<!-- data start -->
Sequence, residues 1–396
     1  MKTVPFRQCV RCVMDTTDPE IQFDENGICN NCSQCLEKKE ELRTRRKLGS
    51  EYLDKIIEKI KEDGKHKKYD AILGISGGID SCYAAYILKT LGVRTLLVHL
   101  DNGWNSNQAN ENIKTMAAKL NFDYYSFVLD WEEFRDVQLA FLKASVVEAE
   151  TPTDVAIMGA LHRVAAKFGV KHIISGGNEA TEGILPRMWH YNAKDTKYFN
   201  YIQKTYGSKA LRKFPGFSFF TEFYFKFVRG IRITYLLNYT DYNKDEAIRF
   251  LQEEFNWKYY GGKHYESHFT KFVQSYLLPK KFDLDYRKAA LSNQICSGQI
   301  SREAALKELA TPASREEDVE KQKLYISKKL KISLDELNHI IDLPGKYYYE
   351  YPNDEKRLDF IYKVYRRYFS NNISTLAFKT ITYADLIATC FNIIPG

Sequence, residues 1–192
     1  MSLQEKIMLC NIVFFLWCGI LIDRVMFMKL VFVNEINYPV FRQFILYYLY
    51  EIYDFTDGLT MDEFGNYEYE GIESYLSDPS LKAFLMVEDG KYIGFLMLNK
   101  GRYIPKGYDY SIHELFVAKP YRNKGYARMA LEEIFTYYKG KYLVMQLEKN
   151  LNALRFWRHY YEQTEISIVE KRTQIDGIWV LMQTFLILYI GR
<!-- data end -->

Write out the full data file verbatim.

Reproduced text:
Sequence, residues 1–396
     1  MKTVPFRQCV RCVMDTTDPE IQFDENGICN NCSQCLEKKE ELRTRRKLGS
    51  EYLDKIIEKI KEDGKHKKYD AILGISGGID SCYAAYILKT LGVRTLLVHL
   101  DNGWNSNQAN ENIKTMAAKL NFDYYSFVLD WEEFRDVQLA FLKASVVEAE
   151  TPTDVAIMGA LHRVAAKFGV KHIISGGNEA TEGILPRMWH YNAKDTKYFN
   201  YIQKTYGSKA LRKFPGFSFF TEFYFKFVRG IRITYLLNYT DYNKDEAIRF
   251  LQEEFNWKYY GGKHYESHFT KFVQSYLLPK KFDLDYRKAA LSNQICSGQI
   301  SREAALKELA TPASREEDVE KQKLYISKKL KISLDELNHI IDLPGKYYYE
   351  YPNDEKRLDF IYKVYRRYFS NNISTLAFKT ITYADLIATC FNIIPG

Sequence, residues 1–192
     1  MSLQEKIMLC NIVFFLWCGI LIDRVMFMKL VFVNEINYPV FRQFILYYLY
    51  EIYDFTDGLT MDEFGNYEYE GIESYLSDPS LKAFLMVEDG KYIGFLMLNK
   101  GRYIPKGYDY SIHELFVAKP YRNKGYARMA LEEIFTYYKG KYLVMQLEKN
   151  LNALRFWRHY YEQTEISIVE KRTQIDGIWV LMQTFLILYI GR